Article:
Africa sees high growth but surging food prices, calls for aid

Business Materials 12 April 2008 22:57 (UTC +04:00)

African countries remain concerned about the surging increase in the price of food that could undermine the region's recent successes in reducing poverty, African ministers said after meeting Saturday. ( dpa )

But efforts to help countries in Sub-Saharan Africa that are most in need should not come at the expense of stable economic policy, according to a joint statement from International Monetary Fund head Dominique Strauss-Kahn and Ousmane Kane, chair of the African Caucus and Mauritania's central bank chief.

"The speed and size of the price increases have been large," the statement said, but added that ministers expected the rise to be temporary and therefore would not take aggressive monetary action to counter the inflation fears.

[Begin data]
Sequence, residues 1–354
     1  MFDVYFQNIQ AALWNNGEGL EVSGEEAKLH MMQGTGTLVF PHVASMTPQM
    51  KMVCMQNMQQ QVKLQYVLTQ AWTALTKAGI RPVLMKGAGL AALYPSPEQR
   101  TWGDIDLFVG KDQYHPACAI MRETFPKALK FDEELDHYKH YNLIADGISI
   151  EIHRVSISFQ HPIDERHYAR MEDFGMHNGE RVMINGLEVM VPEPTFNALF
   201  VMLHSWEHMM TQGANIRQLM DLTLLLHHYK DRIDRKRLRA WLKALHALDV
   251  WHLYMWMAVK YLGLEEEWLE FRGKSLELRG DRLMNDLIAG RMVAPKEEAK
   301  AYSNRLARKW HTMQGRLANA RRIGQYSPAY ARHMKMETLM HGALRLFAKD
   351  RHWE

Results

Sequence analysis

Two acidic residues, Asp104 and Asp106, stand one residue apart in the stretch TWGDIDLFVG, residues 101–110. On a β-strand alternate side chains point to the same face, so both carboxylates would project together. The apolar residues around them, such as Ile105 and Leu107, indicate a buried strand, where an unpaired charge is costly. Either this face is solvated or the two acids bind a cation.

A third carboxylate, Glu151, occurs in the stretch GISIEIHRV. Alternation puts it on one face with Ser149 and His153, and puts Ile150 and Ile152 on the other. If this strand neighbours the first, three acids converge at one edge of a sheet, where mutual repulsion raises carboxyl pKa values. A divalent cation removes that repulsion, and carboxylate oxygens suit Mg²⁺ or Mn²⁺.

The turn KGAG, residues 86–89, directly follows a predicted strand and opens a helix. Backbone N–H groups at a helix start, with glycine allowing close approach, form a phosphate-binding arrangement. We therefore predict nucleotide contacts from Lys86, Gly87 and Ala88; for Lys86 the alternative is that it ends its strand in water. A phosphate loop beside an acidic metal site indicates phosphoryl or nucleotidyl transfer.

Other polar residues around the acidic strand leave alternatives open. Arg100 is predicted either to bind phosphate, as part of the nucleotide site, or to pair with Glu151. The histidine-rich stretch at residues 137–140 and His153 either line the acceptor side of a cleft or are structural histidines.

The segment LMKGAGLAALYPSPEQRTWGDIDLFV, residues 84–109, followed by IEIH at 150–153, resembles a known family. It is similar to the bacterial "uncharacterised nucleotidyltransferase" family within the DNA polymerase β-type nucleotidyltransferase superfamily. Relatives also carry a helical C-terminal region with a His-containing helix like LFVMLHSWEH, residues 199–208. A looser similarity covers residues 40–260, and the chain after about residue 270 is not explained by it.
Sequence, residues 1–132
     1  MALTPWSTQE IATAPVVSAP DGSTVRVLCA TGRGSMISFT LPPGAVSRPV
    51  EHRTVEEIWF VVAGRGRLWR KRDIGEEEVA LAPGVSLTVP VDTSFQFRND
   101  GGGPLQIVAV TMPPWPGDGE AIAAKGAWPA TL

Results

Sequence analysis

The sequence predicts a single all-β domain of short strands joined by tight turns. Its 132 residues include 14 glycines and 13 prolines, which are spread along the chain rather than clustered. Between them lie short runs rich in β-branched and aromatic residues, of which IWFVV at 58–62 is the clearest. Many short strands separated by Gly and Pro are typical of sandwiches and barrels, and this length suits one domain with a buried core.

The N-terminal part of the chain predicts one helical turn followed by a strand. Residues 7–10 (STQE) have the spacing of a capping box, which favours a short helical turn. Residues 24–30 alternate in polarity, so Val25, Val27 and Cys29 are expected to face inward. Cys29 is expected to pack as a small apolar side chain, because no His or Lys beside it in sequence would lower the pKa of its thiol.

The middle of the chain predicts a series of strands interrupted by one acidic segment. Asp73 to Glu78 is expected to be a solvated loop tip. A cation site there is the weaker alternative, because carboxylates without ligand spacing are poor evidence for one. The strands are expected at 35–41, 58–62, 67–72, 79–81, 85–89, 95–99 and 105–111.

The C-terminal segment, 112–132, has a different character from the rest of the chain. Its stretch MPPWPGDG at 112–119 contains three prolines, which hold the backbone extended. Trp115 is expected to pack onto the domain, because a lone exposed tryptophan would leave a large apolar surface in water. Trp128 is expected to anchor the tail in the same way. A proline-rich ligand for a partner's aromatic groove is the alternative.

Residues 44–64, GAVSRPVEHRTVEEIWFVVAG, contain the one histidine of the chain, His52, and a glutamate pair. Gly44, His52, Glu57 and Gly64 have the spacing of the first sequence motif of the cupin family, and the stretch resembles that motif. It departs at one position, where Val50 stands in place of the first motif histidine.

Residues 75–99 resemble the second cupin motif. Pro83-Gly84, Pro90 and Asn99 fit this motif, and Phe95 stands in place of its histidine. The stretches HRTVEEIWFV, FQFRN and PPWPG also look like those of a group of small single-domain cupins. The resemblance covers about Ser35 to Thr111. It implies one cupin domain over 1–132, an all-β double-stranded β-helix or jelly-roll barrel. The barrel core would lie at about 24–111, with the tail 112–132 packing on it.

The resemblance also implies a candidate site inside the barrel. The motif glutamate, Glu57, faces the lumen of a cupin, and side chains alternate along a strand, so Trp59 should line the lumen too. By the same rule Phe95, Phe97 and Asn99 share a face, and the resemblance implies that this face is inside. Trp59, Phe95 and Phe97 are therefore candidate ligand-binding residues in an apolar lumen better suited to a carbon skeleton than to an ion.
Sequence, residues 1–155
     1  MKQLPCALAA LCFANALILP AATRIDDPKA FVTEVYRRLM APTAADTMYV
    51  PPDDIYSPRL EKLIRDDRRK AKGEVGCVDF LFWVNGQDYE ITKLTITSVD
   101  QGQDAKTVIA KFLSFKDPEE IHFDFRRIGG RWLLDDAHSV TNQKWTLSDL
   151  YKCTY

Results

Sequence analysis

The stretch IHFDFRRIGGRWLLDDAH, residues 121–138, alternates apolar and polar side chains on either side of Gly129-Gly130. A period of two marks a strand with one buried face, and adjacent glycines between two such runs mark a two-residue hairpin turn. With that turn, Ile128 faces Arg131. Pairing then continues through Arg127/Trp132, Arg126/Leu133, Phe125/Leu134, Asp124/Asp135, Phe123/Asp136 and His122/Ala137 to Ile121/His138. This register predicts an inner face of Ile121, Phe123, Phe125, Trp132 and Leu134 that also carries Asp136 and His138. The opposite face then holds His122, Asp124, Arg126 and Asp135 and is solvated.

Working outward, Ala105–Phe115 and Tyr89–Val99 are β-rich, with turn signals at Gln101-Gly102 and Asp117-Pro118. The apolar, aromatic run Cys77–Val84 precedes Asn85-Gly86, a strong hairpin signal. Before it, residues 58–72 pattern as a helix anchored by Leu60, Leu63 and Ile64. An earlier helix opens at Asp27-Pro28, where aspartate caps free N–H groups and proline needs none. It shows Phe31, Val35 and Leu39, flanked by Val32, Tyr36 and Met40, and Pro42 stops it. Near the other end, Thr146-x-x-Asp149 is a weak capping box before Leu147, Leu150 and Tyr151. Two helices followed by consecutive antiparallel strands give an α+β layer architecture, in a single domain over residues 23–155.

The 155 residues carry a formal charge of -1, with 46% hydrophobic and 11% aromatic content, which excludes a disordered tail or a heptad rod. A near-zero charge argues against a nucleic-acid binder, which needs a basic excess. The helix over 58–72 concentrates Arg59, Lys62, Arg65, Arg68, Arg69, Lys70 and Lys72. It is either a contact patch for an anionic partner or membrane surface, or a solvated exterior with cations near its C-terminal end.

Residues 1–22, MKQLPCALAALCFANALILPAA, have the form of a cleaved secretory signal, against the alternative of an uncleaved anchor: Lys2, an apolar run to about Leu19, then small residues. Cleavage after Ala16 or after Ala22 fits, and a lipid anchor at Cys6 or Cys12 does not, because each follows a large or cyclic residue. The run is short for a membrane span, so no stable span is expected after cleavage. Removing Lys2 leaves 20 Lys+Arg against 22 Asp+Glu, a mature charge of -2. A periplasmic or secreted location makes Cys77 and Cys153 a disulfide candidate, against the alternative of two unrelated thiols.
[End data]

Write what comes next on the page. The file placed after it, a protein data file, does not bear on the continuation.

The World Bank this week said food prices surged 86 per cent in the past three years and warned that they were likely to remain at high levels until 2015.

The IMF in a report on Sub-Saharan Africa forecast growth of 6.5 per cent and inflation of 8.5 per cent for 2008, and said the region was well placed to weather the global economic downturn.

But the report also said most countries were unlikely to reach a UN goal to halve poverty by 2015.

The African ministers called for greater international aid to help subsidize people struggling to buy food.

World Bank President Robert Zoellick this week said 500 million dollars in immediate donations to the World Food Programme were needed.